On Sunday, May 29, at least 50 friends and family members of 18-year-old Juan Carlos Muñoz Jr. gathered at Highland Avenue and 30th Street in National City to press for justice for the teen, who was murdered as he sat in his car with a friend at around 8 p.m. last October 11.
Calling out “Justice for Junior,” they'd marched to the big intersection from the site of the murder, the 1600 block of Prospect Street. At the northwest corner of Highland Avenue and 30th, half the crowd crossed the street and both groups stood on the two street corners handing out leaflets and waving signs at passersby.
According to his friends and relatives, Muñoz had gone to Prospect Street to buy supplies for a friend's birthday party. The friend was in the car with him. They were parked at the curb when a late-2000s dark-colored silver or gray Nissan Altima pulled up behind Muñoz.
A passenger exited, walked over to Muñoz, and asked through the open driver’s side window where he and his friend (a minor) were from. He also asked Muñoz if he belonged to a gang. Then the suspect is said to have shown a gun, fired five shots, and fled east on E. 16th Street. Muñoz's companion was struck in the left thigh. He survived. Muñoz took four bullets in the left shoulder and died on the way to the hospital.
Marchers on Sunday said Muñoz, popularly known as Junior, was not a gang member. His chief affiliation, they said, was as outfielder and first baseman for a ball club in a South Bay league.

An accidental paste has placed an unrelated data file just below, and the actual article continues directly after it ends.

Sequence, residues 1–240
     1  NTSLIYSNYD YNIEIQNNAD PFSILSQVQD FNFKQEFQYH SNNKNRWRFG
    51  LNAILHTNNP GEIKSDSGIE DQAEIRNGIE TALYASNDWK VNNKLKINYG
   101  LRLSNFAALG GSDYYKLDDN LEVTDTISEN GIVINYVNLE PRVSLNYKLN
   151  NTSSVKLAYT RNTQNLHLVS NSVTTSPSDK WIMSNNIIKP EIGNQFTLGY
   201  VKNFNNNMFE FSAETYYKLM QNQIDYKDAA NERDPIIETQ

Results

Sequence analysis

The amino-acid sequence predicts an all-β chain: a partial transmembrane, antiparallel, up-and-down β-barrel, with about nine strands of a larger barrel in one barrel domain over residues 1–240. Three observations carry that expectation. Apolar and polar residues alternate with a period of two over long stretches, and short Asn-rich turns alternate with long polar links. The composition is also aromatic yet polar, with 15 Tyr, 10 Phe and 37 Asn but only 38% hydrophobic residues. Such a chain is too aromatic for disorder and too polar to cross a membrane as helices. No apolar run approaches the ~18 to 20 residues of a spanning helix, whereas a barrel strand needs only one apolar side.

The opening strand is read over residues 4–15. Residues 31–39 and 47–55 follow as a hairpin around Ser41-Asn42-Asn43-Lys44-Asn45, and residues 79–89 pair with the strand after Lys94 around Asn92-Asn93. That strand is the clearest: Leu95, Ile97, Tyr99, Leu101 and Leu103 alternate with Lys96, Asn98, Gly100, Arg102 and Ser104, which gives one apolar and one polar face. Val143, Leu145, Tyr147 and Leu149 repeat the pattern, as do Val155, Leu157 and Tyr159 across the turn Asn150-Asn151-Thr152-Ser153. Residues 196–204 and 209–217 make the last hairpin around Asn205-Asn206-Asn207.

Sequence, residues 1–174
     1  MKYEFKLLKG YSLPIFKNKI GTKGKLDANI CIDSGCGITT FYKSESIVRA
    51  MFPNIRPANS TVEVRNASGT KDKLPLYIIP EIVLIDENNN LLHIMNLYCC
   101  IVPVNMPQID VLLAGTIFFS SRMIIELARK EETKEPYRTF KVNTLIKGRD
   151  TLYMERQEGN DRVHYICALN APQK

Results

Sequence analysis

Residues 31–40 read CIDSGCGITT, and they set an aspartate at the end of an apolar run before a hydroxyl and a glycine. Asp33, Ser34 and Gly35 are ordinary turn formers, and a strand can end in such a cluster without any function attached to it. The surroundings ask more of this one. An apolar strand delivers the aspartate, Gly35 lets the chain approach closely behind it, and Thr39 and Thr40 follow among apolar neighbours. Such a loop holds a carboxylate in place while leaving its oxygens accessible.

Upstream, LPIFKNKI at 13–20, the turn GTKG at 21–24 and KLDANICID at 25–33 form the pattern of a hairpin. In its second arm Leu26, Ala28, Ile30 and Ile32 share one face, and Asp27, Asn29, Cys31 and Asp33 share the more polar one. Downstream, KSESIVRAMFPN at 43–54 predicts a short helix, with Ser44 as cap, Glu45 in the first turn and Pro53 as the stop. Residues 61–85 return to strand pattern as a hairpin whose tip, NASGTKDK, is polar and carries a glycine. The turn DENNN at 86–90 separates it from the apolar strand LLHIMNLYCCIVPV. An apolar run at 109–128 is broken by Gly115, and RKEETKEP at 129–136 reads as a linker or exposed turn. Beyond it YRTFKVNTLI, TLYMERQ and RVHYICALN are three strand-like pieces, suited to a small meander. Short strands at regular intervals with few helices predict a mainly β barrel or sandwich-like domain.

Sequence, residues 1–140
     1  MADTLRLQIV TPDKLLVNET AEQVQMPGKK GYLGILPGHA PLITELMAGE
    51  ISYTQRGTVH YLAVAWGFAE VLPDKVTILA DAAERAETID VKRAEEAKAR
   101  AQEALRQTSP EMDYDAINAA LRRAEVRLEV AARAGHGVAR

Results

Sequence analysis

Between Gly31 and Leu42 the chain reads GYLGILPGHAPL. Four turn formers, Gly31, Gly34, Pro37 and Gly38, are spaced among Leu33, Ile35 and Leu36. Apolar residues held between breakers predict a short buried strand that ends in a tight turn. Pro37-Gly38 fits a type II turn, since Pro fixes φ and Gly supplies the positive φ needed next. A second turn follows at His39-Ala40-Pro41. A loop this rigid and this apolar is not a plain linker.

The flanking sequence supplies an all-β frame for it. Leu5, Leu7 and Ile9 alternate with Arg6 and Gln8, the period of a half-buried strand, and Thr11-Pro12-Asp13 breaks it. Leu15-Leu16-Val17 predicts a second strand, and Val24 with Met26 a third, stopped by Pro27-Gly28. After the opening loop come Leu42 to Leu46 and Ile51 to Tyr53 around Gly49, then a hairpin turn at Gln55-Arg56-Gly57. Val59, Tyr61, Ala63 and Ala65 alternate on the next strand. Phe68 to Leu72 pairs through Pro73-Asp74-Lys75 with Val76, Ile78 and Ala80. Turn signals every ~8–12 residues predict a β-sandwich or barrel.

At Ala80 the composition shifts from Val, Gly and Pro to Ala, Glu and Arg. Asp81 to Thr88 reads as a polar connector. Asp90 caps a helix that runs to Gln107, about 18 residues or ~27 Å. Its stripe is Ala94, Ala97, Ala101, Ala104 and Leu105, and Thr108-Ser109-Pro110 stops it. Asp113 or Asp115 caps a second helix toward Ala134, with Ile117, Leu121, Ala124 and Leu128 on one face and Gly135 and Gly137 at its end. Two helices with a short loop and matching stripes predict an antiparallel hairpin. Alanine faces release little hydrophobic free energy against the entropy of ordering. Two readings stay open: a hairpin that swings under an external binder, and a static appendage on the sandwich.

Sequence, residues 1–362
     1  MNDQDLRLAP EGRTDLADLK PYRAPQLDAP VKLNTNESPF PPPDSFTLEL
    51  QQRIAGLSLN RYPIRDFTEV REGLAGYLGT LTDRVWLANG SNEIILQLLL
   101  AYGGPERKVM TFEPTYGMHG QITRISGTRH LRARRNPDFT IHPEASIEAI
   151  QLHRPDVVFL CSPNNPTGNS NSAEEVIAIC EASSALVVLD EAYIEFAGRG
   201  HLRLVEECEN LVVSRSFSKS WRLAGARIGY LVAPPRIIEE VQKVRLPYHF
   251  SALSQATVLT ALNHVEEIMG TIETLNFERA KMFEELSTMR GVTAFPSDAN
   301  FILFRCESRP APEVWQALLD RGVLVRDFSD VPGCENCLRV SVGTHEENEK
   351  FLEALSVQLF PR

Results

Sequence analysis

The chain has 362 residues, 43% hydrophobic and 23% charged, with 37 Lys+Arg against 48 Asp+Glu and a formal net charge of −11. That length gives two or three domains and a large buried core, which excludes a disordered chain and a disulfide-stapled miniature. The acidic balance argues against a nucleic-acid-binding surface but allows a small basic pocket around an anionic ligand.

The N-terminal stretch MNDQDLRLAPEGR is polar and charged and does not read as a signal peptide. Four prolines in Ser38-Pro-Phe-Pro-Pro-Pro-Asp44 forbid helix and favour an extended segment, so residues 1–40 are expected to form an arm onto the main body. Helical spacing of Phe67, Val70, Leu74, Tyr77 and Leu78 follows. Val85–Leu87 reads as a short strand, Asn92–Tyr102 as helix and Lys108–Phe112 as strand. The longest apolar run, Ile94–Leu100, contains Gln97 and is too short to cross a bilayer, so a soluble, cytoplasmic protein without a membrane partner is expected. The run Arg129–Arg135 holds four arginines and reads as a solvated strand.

One demonstrator, who identified himself as an uncle of the boy, said no one has come up with a motive for the killing. Did he have any enemies? No, none that family and friends were aware of. Were Muñoz and the suspect strangers? Hard to tell, a marcher said with a shrug.
No one saw the face because the shooter wore a mask. Witnesses had described the suspect as a husky, light-skinned, Hispanic male in his 20s with a shaved head.
“There are so many unanswered questions that it's hard to tell what actually happened,” the uncle said.
The May 29 gathering was the third time since mid-November that Muñoz friends and family have demanded justice at the scene of the crime. People in the crowd said the marches and demonstrations will not cease until the killer is caught. Justice, said one woman, is defined as catching the killer.